WARSAW, Nov 16 (Reuters) Polish President Lech Kaczynski swore in a new centre-right led government today that aims to repair relations with EU partners and speed up reforms to liberalise the ex-communist country's economy.
Prime Minister Donald Tusk replaces the president's twin brother, Jaroslaw Kaczynski, whose nationalist and socially conservative Law and Justice party was defeated in a parliamentary election last month.
The coalition between Tusk's Civic Platform party and the centrist Peasants' Party must win a vote of confidence in parliament. The vote, which will most likely take place on November 23, is seen as a formality because the two parties have the required majority in parliament.
''This is a government of good and decent people,'' Tusk said during the ceremony. ''I strongly believe that together we can make the promises we have made before the election come true.'' The Kaczynskis' Law and Justice party has ruled for two years of fast economic growth but scandals and infighting led to a snap election and the defeat of their conservative party.
Lech Kaczynski, who has not hidden his dissatisfaction with the result of the election, once again praised his brother's outgoing government during the swearing-in ceremony.
''The past two years were a success for the country ... in economy and in foreign policy,'' the president said. ''I hope the new government will build an even stronger position for Poland.'' Peasants' Party leader Waldemar Pawlak will become deputy prime minister and economy minister in the new cabinet and Jacek Rostowski, an independent economist in favour of quick euro adoption, will be the new finance minister.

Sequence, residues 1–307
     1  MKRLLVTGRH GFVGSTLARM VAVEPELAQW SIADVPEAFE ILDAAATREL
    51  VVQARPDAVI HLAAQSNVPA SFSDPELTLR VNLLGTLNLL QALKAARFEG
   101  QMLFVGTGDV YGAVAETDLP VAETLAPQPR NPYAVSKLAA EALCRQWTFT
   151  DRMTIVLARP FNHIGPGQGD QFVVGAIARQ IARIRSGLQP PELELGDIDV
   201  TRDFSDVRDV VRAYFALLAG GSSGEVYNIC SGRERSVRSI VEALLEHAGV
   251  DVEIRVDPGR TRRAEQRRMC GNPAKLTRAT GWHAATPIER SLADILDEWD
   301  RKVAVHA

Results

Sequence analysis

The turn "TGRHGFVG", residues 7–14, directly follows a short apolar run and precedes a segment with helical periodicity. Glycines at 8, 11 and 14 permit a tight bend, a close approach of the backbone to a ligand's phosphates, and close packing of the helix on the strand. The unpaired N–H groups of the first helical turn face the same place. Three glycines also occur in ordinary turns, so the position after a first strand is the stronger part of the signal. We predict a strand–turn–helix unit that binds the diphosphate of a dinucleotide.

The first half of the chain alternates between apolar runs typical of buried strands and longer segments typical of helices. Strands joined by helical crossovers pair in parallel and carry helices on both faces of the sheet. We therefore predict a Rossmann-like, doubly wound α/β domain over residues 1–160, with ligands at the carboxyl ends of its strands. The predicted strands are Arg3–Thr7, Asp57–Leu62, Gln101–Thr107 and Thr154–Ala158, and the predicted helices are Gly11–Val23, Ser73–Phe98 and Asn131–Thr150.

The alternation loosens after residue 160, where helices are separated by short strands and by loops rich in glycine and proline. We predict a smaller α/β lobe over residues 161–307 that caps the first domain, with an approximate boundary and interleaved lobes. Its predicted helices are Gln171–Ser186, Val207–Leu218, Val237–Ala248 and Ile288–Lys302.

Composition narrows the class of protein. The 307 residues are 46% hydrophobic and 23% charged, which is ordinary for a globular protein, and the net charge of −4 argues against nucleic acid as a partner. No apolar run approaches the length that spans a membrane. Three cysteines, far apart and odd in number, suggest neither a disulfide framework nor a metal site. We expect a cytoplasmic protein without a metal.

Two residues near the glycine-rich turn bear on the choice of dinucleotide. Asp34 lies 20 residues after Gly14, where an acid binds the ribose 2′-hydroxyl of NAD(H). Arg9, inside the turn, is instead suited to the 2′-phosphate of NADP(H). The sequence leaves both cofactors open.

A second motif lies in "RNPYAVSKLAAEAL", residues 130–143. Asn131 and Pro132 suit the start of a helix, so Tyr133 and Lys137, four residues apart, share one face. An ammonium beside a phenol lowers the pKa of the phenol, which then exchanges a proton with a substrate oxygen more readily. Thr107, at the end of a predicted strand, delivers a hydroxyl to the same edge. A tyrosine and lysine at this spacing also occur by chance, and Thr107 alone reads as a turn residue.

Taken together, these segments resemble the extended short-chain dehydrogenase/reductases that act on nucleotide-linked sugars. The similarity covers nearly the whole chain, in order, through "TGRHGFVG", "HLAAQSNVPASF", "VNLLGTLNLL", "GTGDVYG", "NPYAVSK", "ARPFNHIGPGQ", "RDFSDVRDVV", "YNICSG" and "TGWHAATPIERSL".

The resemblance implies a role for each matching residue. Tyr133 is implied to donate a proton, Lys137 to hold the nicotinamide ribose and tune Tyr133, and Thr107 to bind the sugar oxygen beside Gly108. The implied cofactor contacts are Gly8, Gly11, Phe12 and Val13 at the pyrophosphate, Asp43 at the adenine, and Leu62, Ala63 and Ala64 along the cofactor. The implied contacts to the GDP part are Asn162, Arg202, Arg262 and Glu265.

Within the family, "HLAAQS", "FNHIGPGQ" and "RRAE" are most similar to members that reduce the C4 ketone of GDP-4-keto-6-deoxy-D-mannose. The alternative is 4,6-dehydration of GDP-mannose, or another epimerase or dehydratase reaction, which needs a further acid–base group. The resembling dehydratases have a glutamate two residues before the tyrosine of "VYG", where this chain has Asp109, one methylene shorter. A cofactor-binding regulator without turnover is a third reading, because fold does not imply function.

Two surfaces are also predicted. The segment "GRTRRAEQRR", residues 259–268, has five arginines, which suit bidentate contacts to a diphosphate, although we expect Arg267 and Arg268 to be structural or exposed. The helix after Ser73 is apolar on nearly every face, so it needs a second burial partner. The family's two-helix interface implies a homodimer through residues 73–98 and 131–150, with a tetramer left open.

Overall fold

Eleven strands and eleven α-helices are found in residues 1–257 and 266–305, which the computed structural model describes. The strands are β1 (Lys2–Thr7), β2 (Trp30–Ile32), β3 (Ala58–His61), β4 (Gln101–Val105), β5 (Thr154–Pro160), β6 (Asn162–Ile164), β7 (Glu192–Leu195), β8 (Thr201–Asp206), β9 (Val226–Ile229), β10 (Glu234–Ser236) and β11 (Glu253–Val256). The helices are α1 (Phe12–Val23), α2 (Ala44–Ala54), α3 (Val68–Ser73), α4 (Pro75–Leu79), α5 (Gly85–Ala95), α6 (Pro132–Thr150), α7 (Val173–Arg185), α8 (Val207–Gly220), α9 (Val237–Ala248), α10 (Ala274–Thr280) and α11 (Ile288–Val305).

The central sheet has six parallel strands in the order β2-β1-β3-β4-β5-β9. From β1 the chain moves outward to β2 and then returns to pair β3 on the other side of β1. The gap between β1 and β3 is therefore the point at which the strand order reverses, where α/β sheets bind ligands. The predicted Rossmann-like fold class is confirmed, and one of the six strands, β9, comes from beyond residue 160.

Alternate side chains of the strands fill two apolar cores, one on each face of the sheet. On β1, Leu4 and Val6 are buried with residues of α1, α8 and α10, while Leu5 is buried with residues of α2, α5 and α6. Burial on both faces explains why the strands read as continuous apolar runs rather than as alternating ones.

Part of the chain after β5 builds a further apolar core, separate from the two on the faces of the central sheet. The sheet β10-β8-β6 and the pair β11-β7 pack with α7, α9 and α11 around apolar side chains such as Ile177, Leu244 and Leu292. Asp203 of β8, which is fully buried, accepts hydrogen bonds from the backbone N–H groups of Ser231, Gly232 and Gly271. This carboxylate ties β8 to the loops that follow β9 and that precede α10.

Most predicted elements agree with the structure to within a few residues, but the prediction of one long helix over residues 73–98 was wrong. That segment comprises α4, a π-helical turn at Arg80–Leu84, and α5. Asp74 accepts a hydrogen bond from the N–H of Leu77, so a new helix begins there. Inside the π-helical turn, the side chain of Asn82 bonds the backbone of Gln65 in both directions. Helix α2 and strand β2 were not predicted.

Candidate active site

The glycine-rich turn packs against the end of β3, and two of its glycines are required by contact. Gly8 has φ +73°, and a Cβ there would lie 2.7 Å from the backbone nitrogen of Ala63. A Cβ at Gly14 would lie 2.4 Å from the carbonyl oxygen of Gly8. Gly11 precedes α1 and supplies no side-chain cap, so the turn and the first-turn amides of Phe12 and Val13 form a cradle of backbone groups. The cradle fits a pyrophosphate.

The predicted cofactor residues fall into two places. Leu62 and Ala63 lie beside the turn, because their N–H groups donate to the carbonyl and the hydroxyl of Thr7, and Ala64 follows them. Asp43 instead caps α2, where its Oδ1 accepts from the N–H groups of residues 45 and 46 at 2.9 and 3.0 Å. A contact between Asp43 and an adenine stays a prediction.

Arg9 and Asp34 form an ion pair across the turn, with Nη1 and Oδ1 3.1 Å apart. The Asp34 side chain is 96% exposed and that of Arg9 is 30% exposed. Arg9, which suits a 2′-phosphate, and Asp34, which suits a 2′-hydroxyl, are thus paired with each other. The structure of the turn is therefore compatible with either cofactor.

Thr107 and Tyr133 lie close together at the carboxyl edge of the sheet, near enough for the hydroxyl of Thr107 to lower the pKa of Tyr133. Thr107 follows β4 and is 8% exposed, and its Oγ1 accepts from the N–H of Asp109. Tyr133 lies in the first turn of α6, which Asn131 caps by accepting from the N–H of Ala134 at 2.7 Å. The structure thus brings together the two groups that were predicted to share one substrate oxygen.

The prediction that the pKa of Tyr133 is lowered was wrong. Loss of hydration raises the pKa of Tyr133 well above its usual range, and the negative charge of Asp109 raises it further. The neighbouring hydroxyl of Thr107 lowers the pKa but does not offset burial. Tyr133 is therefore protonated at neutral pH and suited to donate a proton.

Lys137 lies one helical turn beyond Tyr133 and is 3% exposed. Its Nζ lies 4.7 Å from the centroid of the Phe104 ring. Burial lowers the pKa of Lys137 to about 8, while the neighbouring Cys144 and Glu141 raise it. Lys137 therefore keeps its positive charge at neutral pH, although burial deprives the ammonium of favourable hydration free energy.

Tusk pledges to accelerate economic reforms needed to bring Poland into the euro zone and improve relations with key international partners, which had been strained under the Kaczynskis' rule.
Analysts say the Civic Platform may face an uphill struggle to achieve many of its goals because the president could veto some of its crucial laws.
Kaczynski has already threatened to use his veto power to stop ''liberal'' legislation. He defeated Tusk in the 2005 presidential election after labelling his rival as a liberal who would cater only to the rich.
Foreign affairs will also be a difficult area for cooperation between the two political opponents. The president, who has prerogatives in foreign policy, has voiced his opposition to the nomination of Radek Sikorski as new foreign minister.
The pro-EU Sikorski has served as defence minister in Kaczynski's cabinet but was sacked after rows with the prime minister and the president.
Tusk and the president also differ on issues such as the presence of Polish troops in Iraq and the adoption of the EU charter of fundamental rights.
REUTERS ARB BD1630